LIFE: The Great Ordeal

In my readings this week I came across a statement that I found to be profound:  “Who are these robed in white, and where have they come from? . . . These are they who have come out of the great ordeal . . . . They will hunger no more, and thirst no more . . . For they will be guided to springs of the water of life, and every tear will be wiped from their eyes.”   These words are beautiful words indeed. I don’t know the context in which they were written.  Scholars ponder the particularities surrounding the writing of these words. Debate is intense, encompassing all camps from the conservative fundamentalist to the rational moderates to the radical liberals. It seems that when it comes to this book, the Revelation to John, most folk are pretty opinionated. I am not going to try to reveal the “original” meaning of these words. I am not going to try to interpret prophesies of which even the experts cannot agree. I am not going to talk about the civil or social history of the times. I don’t know what was happening in the first century c.e. The best any of us can do is offer up speculation based on someone else’s writings, or archeological digs, or whatever. However, I do know what is happening in this world today. I do know what is happening around the country, and in the lives of my friends–and enemies. I know what is happening in my family, and in my life. I do know that regardless of the author’s intentions, these words are rich in meaning for us today.

Life is an ordeal, isn’t it. It doesn’t take someone with a sharp analytical mind to figure that one out. We are hurting people. We are hungry for healing and wholeness regardless of our social or economic location. We may often wonder if we can possibly come out of this great ordeal called life. I am not a Matthew Fox fan, however, this priest/writer/spiritual guide and social activist put forth a theory in his work on creation spirituality that is worth noting. Basically, he contends that we are all oppressed, we are all hurting and in need of healing, we all need to be liberated from that which binds us. The wealthy and the comfortable among us need spiritual liberation, or we will forever hunger and thirst for things which never satisfy.  The poor, the most physically challenged among us need physical liberation in the form of food, adequate shelter and respect. We may be spiritually wealthy, but without physical necessities, we die. Wherever we are located along this spectrum, we each know in our own way what an ordeal life presents.

Years ago I had the opportunity to spend two weeks at a conference at Drew University. One evening a group of us took the train into New York City to see the sights. A resident of that city, a Korean woman, accompanied us as our guide. She took us into the Asian section, then we walked to the Empire State Building. We stopped along the way and did all the “touristy” things. That evening, she took us to the garment district where we ate at a Chinese restaurant/ cafeteria. We ordered our food at the counter, ate at long tables and sat in folding chairs. It wasn’t a fancy place, but the food was delicious, and, as is typical in Chinese restaurants, we had more than our fill. While we sat there laughing, talking and eating, a pregnant woman walked in. She appeared to be spaced out on drugs, even to our inexperienced eyes. She walked to one of the tables and picked up a bottle of Tabasco sauce which she proceeded to pour into a Styrofoam cup. On another counter sat a Bunn Coffee Maker from which she poured hot water into her cup, thus making a soup with the sauce. When asked, the waiter told us that this was her evening meal. We sat and we watched. Our bellies were filled.  But, our souls were famished for we thought we were helpless. Life is the great ordeal to both the filled and the unfilled.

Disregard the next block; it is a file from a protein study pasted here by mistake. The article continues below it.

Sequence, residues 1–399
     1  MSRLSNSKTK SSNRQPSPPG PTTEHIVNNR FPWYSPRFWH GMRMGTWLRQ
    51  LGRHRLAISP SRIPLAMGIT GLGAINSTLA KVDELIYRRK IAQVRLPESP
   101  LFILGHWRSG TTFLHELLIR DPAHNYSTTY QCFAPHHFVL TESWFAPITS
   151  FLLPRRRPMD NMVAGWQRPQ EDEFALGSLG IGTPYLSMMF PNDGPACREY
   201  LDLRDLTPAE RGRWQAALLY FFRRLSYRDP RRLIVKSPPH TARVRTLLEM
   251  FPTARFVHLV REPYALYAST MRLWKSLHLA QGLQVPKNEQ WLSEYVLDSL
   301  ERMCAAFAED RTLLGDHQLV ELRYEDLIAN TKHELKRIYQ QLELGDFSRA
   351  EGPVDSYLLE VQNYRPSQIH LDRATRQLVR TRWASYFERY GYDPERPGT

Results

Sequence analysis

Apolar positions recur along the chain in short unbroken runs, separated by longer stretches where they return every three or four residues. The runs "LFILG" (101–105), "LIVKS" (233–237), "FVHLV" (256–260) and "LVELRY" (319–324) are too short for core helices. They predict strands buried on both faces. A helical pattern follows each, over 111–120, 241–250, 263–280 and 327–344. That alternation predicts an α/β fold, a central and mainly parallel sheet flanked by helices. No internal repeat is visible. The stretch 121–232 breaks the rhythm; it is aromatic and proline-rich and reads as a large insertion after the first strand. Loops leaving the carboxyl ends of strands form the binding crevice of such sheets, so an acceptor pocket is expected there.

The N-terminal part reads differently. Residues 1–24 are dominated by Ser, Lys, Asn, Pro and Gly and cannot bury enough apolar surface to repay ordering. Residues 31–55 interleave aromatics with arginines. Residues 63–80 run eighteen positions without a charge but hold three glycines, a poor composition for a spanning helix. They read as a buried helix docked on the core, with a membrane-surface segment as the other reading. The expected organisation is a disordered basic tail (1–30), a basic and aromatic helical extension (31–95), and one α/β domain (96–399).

While in Nicaragua, I learned of many other kinds of life ordeals. Poverty, hunger, war. That is a country where two thirds of the population are women and children under the age of 14. There are no role models. There are no teachers. Life is a great ordeal for the entire nation, as it is for two-thirds of the world.  I thought, “Those poor, poor folks.” But, I was brought up short by a woman I met in one of the base communities. This is the gist of what she said: We used to think of G!d as being in heaven. But now I know better. G!d is in our boat with us. G!d lives in each of us. So, when I look at you, I see a spark of the Divine. And I have faith…. We are in the storm, the great ordeal.  But G!d is with us.  And in the middle of the storm, the Divine spark within us brings peace. We are in this ordeal together. We are community, together. And if we are to know the calm, we must see the Divine light in each other.